BOOK REVIEW / Signposts to the brave new world: The hidden Huxley: Contempt and Compassion for the Masses - David Bradshaw: Faber, pounds 17.50

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The Independent Culture
AS THE historian Eric Hobsbawm likes to point out, the capitalist system had a sticky time of things in the first half of the 20th century. Faced with two world wars, a global slump, an apparently successful anti-capitalist revolution and the rise of anti-democratic dictatorships at the continent's very core, it is hardly surprising that thoughtful European intellectuals were attracted to alternatives that now seem embarrassing or unthinkable.

One such was Aldous Huxley, whom David Bradshaw seeks to rescue from his own self- image as an 'amused, Pyrrhonic aesthete' (this description appeared in Huxley's foreword to Brave New World, and served to keep that novel firmly within the English tradition of sceptical dystopia). Bradshaw argues that in fact Huxley was an engaged political thinker, whose interwar writings chart a progression from aristocratic distaste for mass society, via a 1930 trip to the unemployment wasteland of the north of England, to a 'more humanitarian, even 'socialist' philosphy, and a heartfelt concern for ordinary men and women'.

The progression is easy to satirise, partly because it was not untypical (as Brave New World precedes Nineteen Eighty-Four by 16 years, so Huxley's Damascan road to County Durham predates Orwell's to Wigan Pier by seven), and partly because of the alarm bells which predictably ring. Not surprisingly for the times, there are tinges of anti-Semitism as well as a robust advocacy of selective eugenics: even after the pit-stop tour, Huxley writes of the need to protect the cultured elite from the 99.5 per cent of the population that is irredeemably 'stupid and philistine'.

But the overall impression is of a man trying seriously to think his way through questions that we now see as muddily intractible towards solutions that many now (and for that reason) regard as laughably discredited. Thus Huxley never doubts the importance of state intervention; and he is also caught up in the general awe of industrial processes - generally plodding, the prose takes flight when he describes his impression of synthesising ammonia in the ICI factory at Billingham.

What appears to change is not so much Huxley's opinions as his sources. He begins by reading H L Mencken and Vilfredo Pareto, and applies their bilious elitism to the perceived emergence of mass society in the 1920s; later, he grows used to observing the real world, and relating it - if sometimes archly and sentimentally - to the great issues of his time. Thus the first essay berates the current condition of family life on evidence as apparently flimsy as that employed for similar purposes today ('our dread of being tyrannously unfair to our children,' Huxley writes in 1930, 'has rationalised itself in the curious educational doctrine . . . that the whole purpose of education is to guarantee to every child the possibility of complete 'self-expression' '). Later still, Huxley visits training camps for the unemployed in the New Forest, and sees in them a possible model for 'a kind of university of common life' where men and women might 'study and experiment with the art of living in all its aspects'. All of which might seem risibly romantic - and indeed Utopian - until he moves on to describe experiments in cooperative working which have uncanny echoes in the most up-to-date thinking about flattened structures and team management.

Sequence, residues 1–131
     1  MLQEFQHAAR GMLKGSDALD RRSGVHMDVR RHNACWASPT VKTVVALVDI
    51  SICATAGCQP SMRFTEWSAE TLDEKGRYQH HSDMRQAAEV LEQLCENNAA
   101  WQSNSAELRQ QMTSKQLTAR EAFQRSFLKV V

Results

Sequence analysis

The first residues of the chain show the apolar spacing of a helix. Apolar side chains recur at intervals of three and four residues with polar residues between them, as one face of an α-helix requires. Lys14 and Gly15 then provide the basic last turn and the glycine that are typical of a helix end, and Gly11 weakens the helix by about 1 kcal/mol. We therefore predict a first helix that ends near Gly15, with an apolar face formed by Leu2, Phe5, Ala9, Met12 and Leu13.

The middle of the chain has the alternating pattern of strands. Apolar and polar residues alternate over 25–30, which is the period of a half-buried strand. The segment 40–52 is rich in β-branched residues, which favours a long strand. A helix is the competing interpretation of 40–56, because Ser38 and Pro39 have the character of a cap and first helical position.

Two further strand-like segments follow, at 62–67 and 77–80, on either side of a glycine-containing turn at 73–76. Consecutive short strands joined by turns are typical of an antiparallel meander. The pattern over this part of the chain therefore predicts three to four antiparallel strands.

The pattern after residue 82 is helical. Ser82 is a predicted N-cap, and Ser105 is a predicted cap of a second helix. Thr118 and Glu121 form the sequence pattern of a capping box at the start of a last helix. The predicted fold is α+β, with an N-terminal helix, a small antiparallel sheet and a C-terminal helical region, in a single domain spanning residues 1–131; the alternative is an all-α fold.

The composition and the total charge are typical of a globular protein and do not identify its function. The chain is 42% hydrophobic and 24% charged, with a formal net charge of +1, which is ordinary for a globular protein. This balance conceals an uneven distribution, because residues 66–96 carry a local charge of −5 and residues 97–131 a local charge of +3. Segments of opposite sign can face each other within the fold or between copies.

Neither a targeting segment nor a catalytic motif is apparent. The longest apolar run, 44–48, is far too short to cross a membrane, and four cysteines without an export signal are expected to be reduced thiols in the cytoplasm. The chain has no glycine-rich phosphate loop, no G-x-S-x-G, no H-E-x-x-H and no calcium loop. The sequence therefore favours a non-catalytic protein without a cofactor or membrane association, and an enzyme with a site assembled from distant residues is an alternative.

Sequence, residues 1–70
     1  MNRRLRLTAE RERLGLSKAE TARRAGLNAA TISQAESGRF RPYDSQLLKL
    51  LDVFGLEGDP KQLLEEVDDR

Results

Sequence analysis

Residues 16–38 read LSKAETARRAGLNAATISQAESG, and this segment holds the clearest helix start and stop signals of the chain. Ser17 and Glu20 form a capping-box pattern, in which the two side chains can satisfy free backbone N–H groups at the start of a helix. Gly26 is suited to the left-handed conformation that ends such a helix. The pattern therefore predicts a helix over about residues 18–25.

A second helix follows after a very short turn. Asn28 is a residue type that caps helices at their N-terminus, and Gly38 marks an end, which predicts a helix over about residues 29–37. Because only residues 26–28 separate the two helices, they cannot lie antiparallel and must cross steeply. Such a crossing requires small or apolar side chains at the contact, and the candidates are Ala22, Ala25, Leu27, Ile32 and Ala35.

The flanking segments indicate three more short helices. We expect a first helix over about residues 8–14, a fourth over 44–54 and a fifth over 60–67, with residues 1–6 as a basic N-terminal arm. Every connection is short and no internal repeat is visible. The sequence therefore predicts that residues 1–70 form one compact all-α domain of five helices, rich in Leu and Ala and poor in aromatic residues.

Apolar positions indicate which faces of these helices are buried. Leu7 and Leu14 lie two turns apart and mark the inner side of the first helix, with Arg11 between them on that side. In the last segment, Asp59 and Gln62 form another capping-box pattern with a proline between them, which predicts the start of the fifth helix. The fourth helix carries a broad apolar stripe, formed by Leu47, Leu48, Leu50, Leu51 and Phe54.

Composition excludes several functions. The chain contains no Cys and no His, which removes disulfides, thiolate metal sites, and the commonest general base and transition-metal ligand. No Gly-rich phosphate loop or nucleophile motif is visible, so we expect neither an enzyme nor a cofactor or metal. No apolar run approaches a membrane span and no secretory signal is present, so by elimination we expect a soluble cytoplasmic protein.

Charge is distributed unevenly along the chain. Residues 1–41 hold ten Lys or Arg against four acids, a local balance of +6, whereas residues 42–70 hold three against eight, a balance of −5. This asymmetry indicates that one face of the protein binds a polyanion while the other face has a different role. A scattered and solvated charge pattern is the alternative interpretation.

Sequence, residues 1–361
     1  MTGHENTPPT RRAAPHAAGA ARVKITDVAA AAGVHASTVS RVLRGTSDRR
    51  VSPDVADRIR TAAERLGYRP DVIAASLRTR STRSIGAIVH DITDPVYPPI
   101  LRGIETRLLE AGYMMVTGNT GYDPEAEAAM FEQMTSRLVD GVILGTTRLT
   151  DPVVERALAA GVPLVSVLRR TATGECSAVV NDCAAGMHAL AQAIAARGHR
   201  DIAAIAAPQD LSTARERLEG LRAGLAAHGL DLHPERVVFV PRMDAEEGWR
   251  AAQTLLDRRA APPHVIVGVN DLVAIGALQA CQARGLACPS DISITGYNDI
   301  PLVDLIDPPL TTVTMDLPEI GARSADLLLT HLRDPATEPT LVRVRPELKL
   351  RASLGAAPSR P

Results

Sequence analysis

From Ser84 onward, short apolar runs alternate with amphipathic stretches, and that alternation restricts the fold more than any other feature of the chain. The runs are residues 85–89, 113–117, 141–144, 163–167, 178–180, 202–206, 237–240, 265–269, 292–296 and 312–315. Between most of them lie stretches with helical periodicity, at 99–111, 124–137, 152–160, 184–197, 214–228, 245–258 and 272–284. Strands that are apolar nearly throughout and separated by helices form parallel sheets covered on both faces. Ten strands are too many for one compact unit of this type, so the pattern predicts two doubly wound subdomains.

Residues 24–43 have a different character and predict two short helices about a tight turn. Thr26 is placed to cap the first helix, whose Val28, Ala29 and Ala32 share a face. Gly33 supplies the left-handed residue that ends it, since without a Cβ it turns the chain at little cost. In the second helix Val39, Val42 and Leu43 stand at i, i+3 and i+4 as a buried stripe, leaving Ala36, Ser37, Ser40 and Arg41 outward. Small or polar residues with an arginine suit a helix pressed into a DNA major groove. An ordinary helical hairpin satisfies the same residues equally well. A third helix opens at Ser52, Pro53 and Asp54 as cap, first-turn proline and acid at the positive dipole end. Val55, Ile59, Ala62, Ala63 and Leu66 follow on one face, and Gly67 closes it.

As a book, Bradshaw's anthology is not entirely satisfactory. The introduction does not distinguish in its quotations between pieces which appear in the text and those that don't (tantalisingly, there is reference to Huxley's report of a Blackshirt rally which is not reprinted). The first two chapters are descriptive of Huxley's intellectual relationship with H L Mencken and H G Wells; the rest consists of reprints of articles and talks which might be helped by similar contextualisation.

In fact, such a contextualisation is amply provided by David Bradshaw in his excellent introduction to Flamingo's centenary edition of Brave New World (pounds 5.99). In it, he reminds us that the postwar (and by then Californian) Huxley continued to keep his finger on the pulse of very different times. Symbolically, the great anti-charismatic died on 22 November 1963, never learning of the other death that occurred in Dallas that same afternoon. It is perhaps more significant that a man whose interwar writings place him within the English tradition of cynical iconoclasm ended up (via his hallucinogenic writings in The Doors of Perception and elsewhere) providing names for rock bands and appearing on the cover of Sgt Pepper's Lonely Hearts Club Band.